It's in the interactions between the Ids of individuals that Phillips's Laws 5 and 6 apply. Law 6, "you can never receive money as a true gift," makes no sense at first. We frequently get money gifts, but they're not true gifts, because there are always strings attached. The gift giver has expectations about your behavior, that you're "not going to waste it," i.e., spend it on something of which the giver disapproves (footnote 5). Even if it's an inheritance and the gift giver is dead, expectations of responsibility are still there, and if you don't follow those precepts, you're going to be miserable, although you may not realize it until later (per Principles C and D). Law 5 says you can't truly give money away. You may have the best of intentions when giving money to someone, but if they "waste" the money or spend it on self-destructive behavior, you're going to be disappointed, and that disappointment will show up as misery, both to you and the recipient. Therefore, the gift was not a true gift where the money is transferred without expectations of reciprocity on some level. Recent scandals involved the United Way, Red Cross, and some evangelical preachers. People who gave money to these causes were outraged by "excessive executive perquisites," "wasted money," or "immoral behavior." The organizations in turn had to act contrite and give penance; in other words, to demonstrate that they felt misery. The charitable gifts may have garnered tax deductions for the givers, but they were not true gifts.

The Phillips book is vague when discussing the First Law, which, following the Seven Laws concept, is contrasted with the Second, or Accountant's Law. In the book, the First Law is oriented around taking social action (such as starting a foundation to change the world) without worrying where the money is going to come from, because Right Action will attract money. My observation is that Worldly Power will attract money, and that money has no morals. If you are contemplating an endeavor which is compatible with your Worldly Power and which will increase it, the money will accrue to you. Compatibility means you must have the stomach, stamina, knowledge and behavioral traits required to obtain the money from some other person or entity, keeping in mind that it can't be a true gift, and specific actions on your part are required. If those actions are perceived by others with Worldly Power to be worthy, your Worldly Power will increase and you will accrue even more money. This is the Positive Feedback aspect of Power and Money. You will be respected, although you may not have any friends (per Principle D). If you do something to improve the world, you're a fine person, but whether or not you amass wealth doing it is a reflection of your Worldly Power, not your sanctity.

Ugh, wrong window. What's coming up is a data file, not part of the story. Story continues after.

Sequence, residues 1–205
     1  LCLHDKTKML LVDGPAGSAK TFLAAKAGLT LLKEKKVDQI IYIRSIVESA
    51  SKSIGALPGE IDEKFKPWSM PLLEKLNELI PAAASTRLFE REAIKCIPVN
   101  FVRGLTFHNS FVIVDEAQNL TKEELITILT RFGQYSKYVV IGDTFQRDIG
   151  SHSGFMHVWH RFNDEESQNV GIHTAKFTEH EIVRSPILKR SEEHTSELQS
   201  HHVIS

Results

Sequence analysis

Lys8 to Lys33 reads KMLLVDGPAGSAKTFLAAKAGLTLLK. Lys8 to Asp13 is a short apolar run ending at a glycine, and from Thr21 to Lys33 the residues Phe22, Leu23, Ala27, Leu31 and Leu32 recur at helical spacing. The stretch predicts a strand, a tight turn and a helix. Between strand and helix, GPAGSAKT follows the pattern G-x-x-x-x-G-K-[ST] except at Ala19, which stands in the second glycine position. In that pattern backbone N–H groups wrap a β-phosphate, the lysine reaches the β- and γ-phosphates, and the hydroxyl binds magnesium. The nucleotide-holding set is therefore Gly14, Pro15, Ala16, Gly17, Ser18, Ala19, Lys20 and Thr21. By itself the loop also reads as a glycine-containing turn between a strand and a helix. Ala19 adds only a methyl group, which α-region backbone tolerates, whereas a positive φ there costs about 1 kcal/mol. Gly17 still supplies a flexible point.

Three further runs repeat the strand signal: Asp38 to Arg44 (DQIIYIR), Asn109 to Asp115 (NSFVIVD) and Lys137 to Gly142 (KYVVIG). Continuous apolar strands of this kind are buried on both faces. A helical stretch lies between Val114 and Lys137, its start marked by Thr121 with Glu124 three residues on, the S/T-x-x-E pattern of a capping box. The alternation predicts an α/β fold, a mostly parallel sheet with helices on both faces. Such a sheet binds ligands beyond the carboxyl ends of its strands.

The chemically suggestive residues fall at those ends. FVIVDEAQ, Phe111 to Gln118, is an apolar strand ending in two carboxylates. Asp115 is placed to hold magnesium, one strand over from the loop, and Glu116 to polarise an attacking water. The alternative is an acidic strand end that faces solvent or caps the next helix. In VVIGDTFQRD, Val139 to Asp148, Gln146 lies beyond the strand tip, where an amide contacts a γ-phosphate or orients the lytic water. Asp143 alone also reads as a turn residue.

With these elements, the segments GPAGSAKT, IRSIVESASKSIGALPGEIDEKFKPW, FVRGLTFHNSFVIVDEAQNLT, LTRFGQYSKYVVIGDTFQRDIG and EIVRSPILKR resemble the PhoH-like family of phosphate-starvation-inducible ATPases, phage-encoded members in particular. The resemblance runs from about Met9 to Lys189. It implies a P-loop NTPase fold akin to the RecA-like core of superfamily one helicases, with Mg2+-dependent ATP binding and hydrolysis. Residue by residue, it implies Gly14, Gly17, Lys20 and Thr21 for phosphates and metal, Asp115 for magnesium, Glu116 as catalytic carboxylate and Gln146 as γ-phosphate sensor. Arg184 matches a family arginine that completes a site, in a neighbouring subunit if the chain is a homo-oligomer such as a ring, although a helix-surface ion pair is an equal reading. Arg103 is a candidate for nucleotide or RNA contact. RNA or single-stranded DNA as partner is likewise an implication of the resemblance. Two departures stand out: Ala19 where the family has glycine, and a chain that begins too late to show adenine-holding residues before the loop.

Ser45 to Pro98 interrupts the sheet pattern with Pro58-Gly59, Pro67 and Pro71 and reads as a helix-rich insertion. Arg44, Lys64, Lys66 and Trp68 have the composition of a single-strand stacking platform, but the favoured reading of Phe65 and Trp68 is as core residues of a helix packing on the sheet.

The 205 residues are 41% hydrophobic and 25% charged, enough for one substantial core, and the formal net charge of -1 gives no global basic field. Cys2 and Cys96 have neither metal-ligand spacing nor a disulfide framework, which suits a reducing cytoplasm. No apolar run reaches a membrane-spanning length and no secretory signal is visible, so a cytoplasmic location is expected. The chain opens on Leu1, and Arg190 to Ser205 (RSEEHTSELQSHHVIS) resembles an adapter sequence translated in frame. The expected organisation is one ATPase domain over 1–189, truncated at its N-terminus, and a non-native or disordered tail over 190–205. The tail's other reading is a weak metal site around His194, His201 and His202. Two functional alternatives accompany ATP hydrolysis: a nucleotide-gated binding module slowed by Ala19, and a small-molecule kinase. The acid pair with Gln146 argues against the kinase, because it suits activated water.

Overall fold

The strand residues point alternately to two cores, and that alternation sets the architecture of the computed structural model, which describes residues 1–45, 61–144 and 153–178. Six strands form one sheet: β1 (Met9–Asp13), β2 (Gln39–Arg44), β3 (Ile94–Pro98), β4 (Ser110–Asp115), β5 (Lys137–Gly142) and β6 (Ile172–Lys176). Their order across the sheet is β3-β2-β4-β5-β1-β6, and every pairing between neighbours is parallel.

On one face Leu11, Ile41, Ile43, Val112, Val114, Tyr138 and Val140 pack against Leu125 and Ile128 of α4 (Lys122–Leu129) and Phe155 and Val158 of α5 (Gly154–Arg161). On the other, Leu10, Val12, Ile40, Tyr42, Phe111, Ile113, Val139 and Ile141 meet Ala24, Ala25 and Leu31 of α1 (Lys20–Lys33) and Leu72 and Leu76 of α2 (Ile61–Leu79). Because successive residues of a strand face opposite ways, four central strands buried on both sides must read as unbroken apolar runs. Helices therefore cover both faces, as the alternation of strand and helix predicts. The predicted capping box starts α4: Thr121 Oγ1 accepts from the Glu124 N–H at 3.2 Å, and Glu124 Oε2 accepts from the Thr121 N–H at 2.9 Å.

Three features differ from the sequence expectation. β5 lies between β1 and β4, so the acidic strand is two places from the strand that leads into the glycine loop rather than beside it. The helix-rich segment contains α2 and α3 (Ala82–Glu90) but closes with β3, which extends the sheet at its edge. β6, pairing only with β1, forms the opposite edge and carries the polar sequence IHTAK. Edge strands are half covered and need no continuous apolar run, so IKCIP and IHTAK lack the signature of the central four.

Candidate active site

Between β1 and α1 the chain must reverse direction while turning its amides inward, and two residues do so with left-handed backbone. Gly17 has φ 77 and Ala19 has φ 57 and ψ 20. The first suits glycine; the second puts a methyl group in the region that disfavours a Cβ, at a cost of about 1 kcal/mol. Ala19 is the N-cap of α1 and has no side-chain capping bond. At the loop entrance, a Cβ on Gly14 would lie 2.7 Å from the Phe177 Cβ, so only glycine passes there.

Positive Feedback works in the other direction, too. If you don't have Worldly Power, money will run away from you, which further decreases your power. You've heard some people described as having "more money than sense." I would rephrase that as the clumsier "more money than Worldly Power," and I maintain it's not a stable condition. The world is full of professionals who make a good living bringing other people's wealth and Worldly Power into balance. The previously-poor person who wins the lottery will soon be bankrupt. The heir who hasn't been groomed for inheritance will be inundated by financial advisors with goofball schemes. Some people actually respond to e-mails from Nigerian Oil Ministers.

A cash economy is a negative feedback system. As your pocket gets lighter, you tend to spend less until, when you have no more cash, you can't spend anything. The use of bank checks works similarly, if you bother to balance your checkbook and notice how high or low it is. Bank offerings of overdraft protection (at a price) reduced the negative feedback effect, which was completely eliminated by credit cards. When you buy something with a credit card, you have no feel for how that expenditure affects your wealth. No wonder credit card companies can charge both merchants and consumers. The most effective tool for debt management is to re-apply negative feedback by cutting up the credit cards, forcing you to count out currency when you buy something. It would be even better to force yourself to use only one-dollar bills.